Overcoming resistance to change (Part 2): Short-term wins
Last week I wrote about a simple strategy to promote change: find the feeling. Sounds great in theory, but exactly how do you do that?
Of course the answer will depend on your firm’s culture and on the change you are promoting. Here’s one example: in many of the firms that we talk to these days, the executive committee and senior leadership are interested in applying project management principles to increase client satisfaction and improve marketing. But they don’t know how to get started because there is little grassroots support for an idea that will require partners to change the way they practice law.
One tactic we recommend to promote change in our project management workshops and coaching is to focus on short term wins. Instead of trying to train everyone in the firm, we seek out lawyers who are motivated to change and then help them to find the personal “low hanging fruit” that will prove project management’s benefits to others in the firm.
For example, one AmLaw 100 firm hired us a few weeks ago to coach three influential partners in project management for several months, and then conduct a panel discussion of the results at their annual retreat. The fact that the evidence will be discussed frankly by partners will make the presentation far more credible than anything an outside consultant could say. Our goal is to lay the groundwork for short-term wins that are significant enough to trigger an emotional response.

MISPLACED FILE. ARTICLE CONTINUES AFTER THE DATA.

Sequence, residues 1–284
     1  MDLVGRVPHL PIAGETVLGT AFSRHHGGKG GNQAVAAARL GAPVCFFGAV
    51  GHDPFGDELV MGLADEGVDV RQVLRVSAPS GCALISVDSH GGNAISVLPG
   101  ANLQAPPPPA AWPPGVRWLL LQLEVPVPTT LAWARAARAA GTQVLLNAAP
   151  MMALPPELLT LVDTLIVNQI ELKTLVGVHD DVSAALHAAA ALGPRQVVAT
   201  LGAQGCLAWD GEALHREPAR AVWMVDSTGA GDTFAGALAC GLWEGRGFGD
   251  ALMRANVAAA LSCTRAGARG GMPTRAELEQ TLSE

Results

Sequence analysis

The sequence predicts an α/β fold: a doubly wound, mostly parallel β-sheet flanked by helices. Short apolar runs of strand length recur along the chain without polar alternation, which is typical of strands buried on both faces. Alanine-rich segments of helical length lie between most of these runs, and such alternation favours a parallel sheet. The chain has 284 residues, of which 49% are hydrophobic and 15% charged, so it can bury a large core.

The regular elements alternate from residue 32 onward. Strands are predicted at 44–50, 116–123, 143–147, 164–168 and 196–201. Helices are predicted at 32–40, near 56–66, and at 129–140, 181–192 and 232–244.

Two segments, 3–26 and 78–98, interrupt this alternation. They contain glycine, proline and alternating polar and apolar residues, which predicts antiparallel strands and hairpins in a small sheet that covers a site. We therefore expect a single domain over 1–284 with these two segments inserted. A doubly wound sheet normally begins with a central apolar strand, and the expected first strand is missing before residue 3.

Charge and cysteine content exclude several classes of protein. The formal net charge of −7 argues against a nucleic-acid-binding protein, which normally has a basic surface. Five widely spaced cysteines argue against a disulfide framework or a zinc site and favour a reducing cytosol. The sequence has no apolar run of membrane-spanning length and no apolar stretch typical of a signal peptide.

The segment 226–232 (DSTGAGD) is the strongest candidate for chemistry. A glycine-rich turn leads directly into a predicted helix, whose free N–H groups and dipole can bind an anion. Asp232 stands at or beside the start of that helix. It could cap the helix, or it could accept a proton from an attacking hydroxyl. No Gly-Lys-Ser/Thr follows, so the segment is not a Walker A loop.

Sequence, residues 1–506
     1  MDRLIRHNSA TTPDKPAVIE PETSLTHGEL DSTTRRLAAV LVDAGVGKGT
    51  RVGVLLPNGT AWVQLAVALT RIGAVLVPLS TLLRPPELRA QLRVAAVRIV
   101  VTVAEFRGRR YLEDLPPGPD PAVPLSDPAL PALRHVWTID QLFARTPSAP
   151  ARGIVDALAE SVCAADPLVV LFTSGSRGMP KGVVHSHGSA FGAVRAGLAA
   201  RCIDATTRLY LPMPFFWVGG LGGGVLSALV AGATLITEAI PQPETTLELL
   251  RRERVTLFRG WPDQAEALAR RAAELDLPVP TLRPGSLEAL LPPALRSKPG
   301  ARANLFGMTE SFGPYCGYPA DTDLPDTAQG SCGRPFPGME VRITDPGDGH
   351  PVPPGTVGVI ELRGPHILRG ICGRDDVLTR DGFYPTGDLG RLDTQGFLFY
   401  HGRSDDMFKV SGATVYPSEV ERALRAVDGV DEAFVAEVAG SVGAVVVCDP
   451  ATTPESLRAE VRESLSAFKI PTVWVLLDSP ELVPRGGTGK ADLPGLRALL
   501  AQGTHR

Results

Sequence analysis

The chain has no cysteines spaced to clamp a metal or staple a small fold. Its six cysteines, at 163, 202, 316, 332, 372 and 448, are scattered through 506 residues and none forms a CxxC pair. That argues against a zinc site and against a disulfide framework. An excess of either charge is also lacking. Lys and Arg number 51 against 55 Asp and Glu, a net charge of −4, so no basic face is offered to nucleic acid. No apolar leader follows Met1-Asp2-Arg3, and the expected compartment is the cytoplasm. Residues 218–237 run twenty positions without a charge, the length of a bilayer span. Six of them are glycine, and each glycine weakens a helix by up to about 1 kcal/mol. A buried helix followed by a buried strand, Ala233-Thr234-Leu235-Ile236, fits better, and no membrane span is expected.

As John Kotter notes in his book Leading Change:
Real transformation takes time…Most people won’t go on the long march unless they see compelling evidence within six to eighteen months that the journey is producing expected results. Without short-term wins, too many employees give up or actively join the resistance (p. 11).
• “Provide evidence that sacrifices are worth it
• Reward change agents with a pat on the back
• Help fine-tune vision and strategies
• Undermine cynics and self-serving resisters
• Build momentum”
In our experience, most lawyers will change their behavior IF they are provided with convincing evidence that it is in their own self interest. If partners that they respect and trust say that an aggressive fixed fee deal became profitable because of the way it was managed, or that a lawyer working on an hourly basis avoided a write off with a difficult client because she used project management tactics, the others will listen.
Next week, we’ll discuss another way to “find the feeling”: raising the urgency level.